This is why we have codes, and code officials.
A fire in an upscale shopping mall in Qatar has killed 19 people, including 13 children and 4 teachers from a child care center within the mall. It is reported that the sprinkler system did not function, at least one staircase collapsed, floor plans were not immediately available to firefighters, the fire alarm didn’t properly warn shoppers of the situation, and some egress routes may have been compromised. Emergency responders were unable to reach the children and teachers, and had to attempt a rescue through the roof of the building. It is shameful that such a tragedy could occur in a new building, in a country with extensive resources, possibly because of lack of codes, or lack of compliance, or lack of inspection and testing to confirm that the building was safe to occupy.
Over the next few weeks I will be working with some new members of the hardware industry in Ingersoll Rand’s Specwriter Apprentice Program. My goal is to inspire in them a passion for code compliance and a desire to do their part to make the buildings where we live, work, and visit safe. Wish me luck.
Doha News had unconfirmed reports that the top two managers of the mall had been arrested and would go to court, possibly facing charges tomorrow morning. It is understood a stairway to the childcare centre collapsed, making it harder to reach the centre. Witnesses also said at least one exit in the mall was chained shut. “We went out through a fire door that was luckily quite close to where we were and it was there that you could see the plumes of smoke coming out of the centre of the mall. Huge volumes of black smoke.” He said a friend was eating at a restaurant in the mall before seeing the smoke and went to the first fire escape that he noticed, only to find it was actually chained shut.
Too often development programs are pushed through without proper due process – a situation that Arwa unravelled with renowned mud architect Salma Samar Damluji, who sites greed as a principle driver of large scale construction projects imbued with the bigger is better mentality so common in Dubai. No expense is spared to get these colossal malls built. The same due diligence should be paid to health and safety as well.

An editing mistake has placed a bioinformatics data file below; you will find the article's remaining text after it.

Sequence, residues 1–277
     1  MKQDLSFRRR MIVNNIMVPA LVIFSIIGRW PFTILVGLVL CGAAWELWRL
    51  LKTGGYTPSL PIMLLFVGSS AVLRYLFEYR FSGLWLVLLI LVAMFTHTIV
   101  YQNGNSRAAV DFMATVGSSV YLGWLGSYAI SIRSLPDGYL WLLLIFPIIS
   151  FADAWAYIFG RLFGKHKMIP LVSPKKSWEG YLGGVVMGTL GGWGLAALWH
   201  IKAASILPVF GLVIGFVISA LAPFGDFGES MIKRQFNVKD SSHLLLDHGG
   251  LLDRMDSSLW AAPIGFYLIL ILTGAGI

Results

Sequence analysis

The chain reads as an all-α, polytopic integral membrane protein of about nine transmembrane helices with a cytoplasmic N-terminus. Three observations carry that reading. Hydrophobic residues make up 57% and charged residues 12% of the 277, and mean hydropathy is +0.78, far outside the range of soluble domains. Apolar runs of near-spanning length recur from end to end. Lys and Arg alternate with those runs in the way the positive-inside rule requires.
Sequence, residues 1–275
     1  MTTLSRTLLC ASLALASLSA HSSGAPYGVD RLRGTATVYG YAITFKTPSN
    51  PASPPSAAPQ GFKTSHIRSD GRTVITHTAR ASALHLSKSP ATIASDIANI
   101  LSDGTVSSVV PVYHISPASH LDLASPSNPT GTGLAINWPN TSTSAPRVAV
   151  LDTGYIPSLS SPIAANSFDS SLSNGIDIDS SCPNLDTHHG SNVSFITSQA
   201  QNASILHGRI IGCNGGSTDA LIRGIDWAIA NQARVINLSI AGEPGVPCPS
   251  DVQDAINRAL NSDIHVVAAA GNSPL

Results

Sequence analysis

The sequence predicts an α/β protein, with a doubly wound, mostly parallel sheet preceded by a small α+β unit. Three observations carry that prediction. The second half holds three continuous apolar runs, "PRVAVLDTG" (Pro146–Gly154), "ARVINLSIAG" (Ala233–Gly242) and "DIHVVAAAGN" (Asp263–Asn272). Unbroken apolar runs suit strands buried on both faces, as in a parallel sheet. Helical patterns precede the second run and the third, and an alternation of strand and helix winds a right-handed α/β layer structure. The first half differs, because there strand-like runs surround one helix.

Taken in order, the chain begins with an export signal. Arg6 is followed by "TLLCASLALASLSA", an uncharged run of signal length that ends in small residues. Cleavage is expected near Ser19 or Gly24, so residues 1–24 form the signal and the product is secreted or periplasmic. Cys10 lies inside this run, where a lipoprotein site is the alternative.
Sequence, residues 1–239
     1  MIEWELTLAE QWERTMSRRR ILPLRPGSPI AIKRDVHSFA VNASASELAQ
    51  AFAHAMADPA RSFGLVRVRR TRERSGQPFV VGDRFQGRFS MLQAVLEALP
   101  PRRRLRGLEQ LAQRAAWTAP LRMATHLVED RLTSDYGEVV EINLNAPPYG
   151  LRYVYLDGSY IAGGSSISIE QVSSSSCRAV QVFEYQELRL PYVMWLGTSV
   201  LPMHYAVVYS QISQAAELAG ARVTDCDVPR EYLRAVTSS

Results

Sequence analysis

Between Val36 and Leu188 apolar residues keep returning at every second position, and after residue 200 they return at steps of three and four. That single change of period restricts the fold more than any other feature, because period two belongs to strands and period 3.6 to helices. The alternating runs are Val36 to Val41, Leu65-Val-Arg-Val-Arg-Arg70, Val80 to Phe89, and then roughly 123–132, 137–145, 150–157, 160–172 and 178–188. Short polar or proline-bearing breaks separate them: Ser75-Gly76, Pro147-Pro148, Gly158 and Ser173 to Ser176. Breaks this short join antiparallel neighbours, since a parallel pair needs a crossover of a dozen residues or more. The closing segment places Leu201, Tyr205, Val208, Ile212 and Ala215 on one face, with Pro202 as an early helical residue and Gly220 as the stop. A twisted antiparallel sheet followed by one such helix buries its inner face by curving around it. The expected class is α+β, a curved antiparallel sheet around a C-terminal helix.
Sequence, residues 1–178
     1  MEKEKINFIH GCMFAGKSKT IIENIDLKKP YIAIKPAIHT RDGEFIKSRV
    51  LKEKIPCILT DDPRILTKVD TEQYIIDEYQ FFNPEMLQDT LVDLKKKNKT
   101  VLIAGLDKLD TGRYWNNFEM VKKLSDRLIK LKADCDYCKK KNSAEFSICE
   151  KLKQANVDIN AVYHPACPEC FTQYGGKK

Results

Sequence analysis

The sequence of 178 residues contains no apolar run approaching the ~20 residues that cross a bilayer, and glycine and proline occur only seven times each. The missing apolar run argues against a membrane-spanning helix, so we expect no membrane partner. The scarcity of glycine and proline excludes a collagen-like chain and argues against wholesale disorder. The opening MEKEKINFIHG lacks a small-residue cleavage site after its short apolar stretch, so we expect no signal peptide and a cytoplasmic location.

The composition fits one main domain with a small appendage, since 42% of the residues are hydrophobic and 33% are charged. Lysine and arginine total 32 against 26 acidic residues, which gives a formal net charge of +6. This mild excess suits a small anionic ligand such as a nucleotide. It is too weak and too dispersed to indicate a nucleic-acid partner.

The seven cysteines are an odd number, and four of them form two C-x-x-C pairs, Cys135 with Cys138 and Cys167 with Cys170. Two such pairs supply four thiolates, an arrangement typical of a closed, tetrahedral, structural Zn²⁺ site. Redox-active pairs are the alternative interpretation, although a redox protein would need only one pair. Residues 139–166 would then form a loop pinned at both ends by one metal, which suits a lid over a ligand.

“The answer is to improve the practices. You have the same codes in other parts of the world, but you don’t get these sorts of fires or fatalities.” He added: “It’s not just sprinklers, it is stairs, doors, direction of door openings, whether doors are locked, where you have access controls and so on.” Another expert, who asked not to be named, said a lack of maintenance in the Gulf is also prevalent. “Some of the systems you’re supposed to test every month or every two weeks, but over here they do it every three months. And if you have a fault in one of the systems they don’t fix it straight away. I assume this is because there are no heavy fines from the authorities for these issues, and they don’t have the insurance companies enforcing these requirements.”
The tragedy also is likely to push authorities across the Gulf to further examine fire safety rules in a region where the drive to build fast and big has brought concerns about the level of emergency planning. Rescue crews in Qatar’s capital Doha had to hack through the roof of the mammoth Villaggio mall to reach the child care facility, where the victims included 2-year-old New Zealand triplets and three Spanish siblings. Two firefighters also were killed.
The government has set up a committee to investigate “the causes and circumstances” of the blaze, QNA said Monday night. It is also investigating complaints that sprinklers and alarms weren’t working at the mall when the blaze broke out. Christine Wigton, an American living in Doha, told CNN she heard “a buzzer, not very loud” as she walked into the mall, but heard no loud alarms as smoke built up inside. Elementary school-age children were eating at some of the restaurants and no one was trying to escape, she said. “There were no sprinklers, and there was nothing that would tell somebody that something was wrong,” she said.
Abdel Khaleq al-Huwari, one of dozens of firemen who responded to the blaze, told AFP that the rescue teams were not informed of the existence of a nursery in the mall “until half an hour after” they arrived on the scene. Huwari was one of the first in the nursery after the fire had died down and said he found his Moroccan colleague, Husam Shahboun, lying dead on the floor “holding two children in his arms.” “The nursery is difficult to find and it has no emergency exits.” Another firefighter, Amran Mohsen, told AFP that “some of the fire alarms were not working.” Mohsen, who described Shahboun as “a leader to us”, said that all of the children in the nursery had died – “five in the ambulance, three at the hospital and the rest right at the spot.”